Honorable Mention


Exclusive data analysis powers Education Reporting Network collaboration with dozens of newsrooms

Adriane Burnett reads to her son Karter Robinson on Saturday, April 14, 2024 in Birmingham, Ala. Women's participation in the American workforce has reached a high point, but challenges around child care are holding back many working class parents. When women without college degrees face an interruption in child care arrangements – whether it's at a relative's home, a preschool or a daycare center – they are more likely to have to take unpaid time or to be forced to leave their jobs altogether, according to an Associated Press analysis. AP PHOTO / BUTCH DILL

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New Orleans-based data reporter Sharon Luyre analyzed hard-to-use Census microdata to show the crisis is uniquely devastating to moms without college degrees. For those women, a day without work is often a day without pay, so every child care disruption is debilitating — and routine, in the country’s hobbled care economy.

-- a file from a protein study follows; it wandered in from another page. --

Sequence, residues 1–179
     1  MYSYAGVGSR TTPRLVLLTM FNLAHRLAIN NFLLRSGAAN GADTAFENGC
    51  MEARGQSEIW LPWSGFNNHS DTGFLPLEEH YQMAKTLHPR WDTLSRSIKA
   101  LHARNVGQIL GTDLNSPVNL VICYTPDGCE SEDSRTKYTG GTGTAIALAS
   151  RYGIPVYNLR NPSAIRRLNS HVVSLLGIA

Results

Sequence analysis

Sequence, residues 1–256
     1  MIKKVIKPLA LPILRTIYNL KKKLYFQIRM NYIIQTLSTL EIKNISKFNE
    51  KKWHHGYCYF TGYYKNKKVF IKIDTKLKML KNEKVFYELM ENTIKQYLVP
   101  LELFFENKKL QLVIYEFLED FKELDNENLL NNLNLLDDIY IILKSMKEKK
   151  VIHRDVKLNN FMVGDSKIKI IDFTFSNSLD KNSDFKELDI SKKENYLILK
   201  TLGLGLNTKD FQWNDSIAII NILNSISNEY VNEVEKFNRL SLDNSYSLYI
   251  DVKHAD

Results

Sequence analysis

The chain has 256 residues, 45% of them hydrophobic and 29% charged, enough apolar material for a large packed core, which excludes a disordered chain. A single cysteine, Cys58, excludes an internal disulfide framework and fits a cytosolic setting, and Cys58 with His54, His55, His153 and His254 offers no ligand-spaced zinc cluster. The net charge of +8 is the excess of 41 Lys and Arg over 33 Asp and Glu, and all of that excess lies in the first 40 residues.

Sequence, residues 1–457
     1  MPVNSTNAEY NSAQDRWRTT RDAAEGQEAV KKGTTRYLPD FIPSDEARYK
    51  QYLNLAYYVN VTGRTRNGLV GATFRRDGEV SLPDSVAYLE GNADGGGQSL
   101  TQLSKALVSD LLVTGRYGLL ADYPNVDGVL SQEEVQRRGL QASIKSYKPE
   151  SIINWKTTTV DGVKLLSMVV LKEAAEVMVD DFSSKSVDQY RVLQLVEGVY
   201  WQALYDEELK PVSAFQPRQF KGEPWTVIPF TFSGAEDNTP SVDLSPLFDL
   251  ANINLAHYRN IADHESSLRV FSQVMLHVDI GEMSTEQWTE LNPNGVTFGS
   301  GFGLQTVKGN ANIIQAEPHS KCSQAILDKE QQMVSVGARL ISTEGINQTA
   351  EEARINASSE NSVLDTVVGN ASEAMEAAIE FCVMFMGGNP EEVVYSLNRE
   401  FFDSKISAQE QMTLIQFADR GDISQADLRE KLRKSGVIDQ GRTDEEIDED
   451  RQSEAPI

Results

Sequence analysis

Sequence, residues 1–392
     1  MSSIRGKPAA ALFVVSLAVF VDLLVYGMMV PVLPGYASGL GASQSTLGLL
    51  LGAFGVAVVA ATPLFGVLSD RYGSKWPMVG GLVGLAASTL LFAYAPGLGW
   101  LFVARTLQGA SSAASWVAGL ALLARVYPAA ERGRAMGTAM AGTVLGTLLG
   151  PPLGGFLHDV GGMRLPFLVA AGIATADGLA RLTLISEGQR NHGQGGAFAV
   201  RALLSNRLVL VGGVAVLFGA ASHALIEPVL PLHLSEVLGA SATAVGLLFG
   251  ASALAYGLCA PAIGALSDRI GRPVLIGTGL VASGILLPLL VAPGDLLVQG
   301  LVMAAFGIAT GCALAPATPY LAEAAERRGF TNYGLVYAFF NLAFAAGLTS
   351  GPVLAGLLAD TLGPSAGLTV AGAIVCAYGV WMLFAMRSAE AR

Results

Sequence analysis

The education team partnered with six other local and nonprofit newsrooms to report the story. Washington, D.C.-based early education reporter Moriah Balingit expertly wove together powerful feeds of mothers whose careers have been upended by the broken child care system.

A week before the story published, AP shared its exclusive data analysis with 30 more newsrooms in states that stood out in the analysis. About a dozen of those newsrooms ran AP’s story and some later produced their own using AP’s guidance and data. More are in the works.

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